The aforementioned infested miniature orchid that I introduced to this terrarium also had some scale insect. As yet I have not introduced a specific biological control to counteract this pest.
BiOrbAir Review and Miniature Orchid Trial
Let’s have a look at how the miniature orchids are growing inside this Miniature Orchid Trial BiOrbAir Terrarium:
Masdevallia decumana’s yellowing leaves
During March 2017, I noticed that the leaves of this Masdevallia decumana specimen were yellowing. The yellowing of this miniature orchid’s leaves could be due to fluctuating temperatures within this room (heating problems!) affecting the plant, or this Masdevallia decumana specimen may have received insufficient fertiliser for its requirements. I will attempt to address these issues and see if this rectifies the problem.
Currently this Masdevallia decumana specimen is in bloom.
This Masdevallia rechingeriana specimen is in bloom.
Lepanthopsis astrophora ‘Stalky’
This Dryadella simula specimen is looking in better health and is in bloom, which is great to see – though this miniature orchid’s small flowers show up better in close up photographs!
Bulbophyllum falcatum ‘Minor’
This Phalaenopsis parishii specimen continues to delight me with its flowers. Currently, this specimen has four blooms which are open.
16th April 2017
Masdevallia decumana is flowering again.
I’ve not been as proactive as I should have been with my cucumber slices, which I use to remove any tiny snails that are residing inside my terrariums, consequently these Masdevallia decumana flowers have suffered snail damage.
I have now placed cucumber slices back inside each of my terrariums!
This Masdevallia rechingeriana specimen has produced two flowers simultaneously from the same flower stem. Usually Masdevallia rechingeriana produces flowers in succession, but this flower stem has produced two flowers at once.
21st April 2017
Today I decided to add another miniature orchid to this Miniature Orchid Trial BiOrbAir Terrarium. Admittedly this terrarium is rather full of miniature orchids, but I was able to find room for one more orchid – Phalaenopsis lobbii, which is now growing inside this Miniature Orchid Trial BiOrbAir Terrarium.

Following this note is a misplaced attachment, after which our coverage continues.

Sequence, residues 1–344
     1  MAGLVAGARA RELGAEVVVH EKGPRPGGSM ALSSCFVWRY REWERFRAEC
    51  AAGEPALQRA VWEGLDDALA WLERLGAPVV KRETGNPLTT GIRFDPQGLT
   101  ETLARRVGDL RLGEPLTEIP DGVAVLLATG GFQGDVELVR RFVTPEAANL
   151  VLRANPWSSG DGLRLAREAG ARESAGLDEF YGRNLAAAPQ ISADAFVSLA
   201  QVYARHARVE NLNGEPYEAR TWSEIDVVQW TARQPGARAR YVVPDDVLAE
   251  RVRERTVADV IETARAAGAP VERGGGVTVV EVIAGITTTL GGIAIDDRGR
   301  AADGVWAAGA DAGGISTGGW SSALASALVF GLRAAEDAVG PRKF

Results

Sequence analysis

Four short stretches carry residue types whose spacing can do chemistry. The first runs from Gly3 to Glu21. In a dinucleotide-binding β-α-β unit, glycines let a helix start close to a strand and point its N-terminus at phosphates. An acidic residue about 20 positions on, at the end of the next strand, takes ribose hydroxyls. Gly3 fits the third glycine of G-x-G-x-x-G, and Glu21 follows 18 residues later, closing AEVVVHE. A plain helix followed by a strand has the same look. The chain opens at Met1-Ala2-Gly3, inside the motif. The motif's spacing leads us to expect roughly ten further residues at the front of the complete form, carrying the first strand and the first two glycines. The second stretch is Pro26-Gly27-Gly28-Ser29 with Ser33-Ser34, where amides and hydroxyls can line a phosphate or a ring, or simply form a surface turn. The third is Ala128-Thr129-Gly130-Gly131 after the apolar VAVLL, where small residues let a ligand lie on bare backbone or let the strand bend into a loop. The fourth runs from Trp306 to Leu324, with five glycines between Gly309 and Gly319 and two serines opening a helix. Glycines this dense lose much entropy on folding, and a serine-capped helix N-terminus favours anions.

To see how this Phalaenopsis lobbii specimen was mounted onto cork bark, please click here.
Inside my Miniature Orchid Trial BiOrbAir Terrarium, Dryadella simula, Masdevallia decumana, Masdevallia rechingeriana, Phalaenopsis lobbii, and Phalaenopsis parishii are all currently in flower.
It’s a delight to have this dear little miniature orchid in flower.
This Masdevallia rechingeriana specimen has produced two flowers from one flowering stem.
These Dryadella simula flowers might look big in these photographs I have taken, but these flowers are tiny!
Other articles that may interest you…………………..
To read the first part of my White Orchid BiOrbAir Terrarium Trial, please click here.
To read the first part of my Madagascar BiOrbAir Terrarium Trial, please click here.
To read about using decorative features inside your terrarium or bottle garden, please click here.
To see a planting list for terrariums and bottle gardens with a variety of different, beautiful, terrarium plants, please click here.
To see a planting list of miniature orchids to grow in terrariums, please click here.
To read about the Writhlington Orchid Project, please click here.
To read about the 2017 Orchid Extravaganza at the Royal Botanic Gardens Kew, please click here.
To read about using long handled terrarium tools, please click here.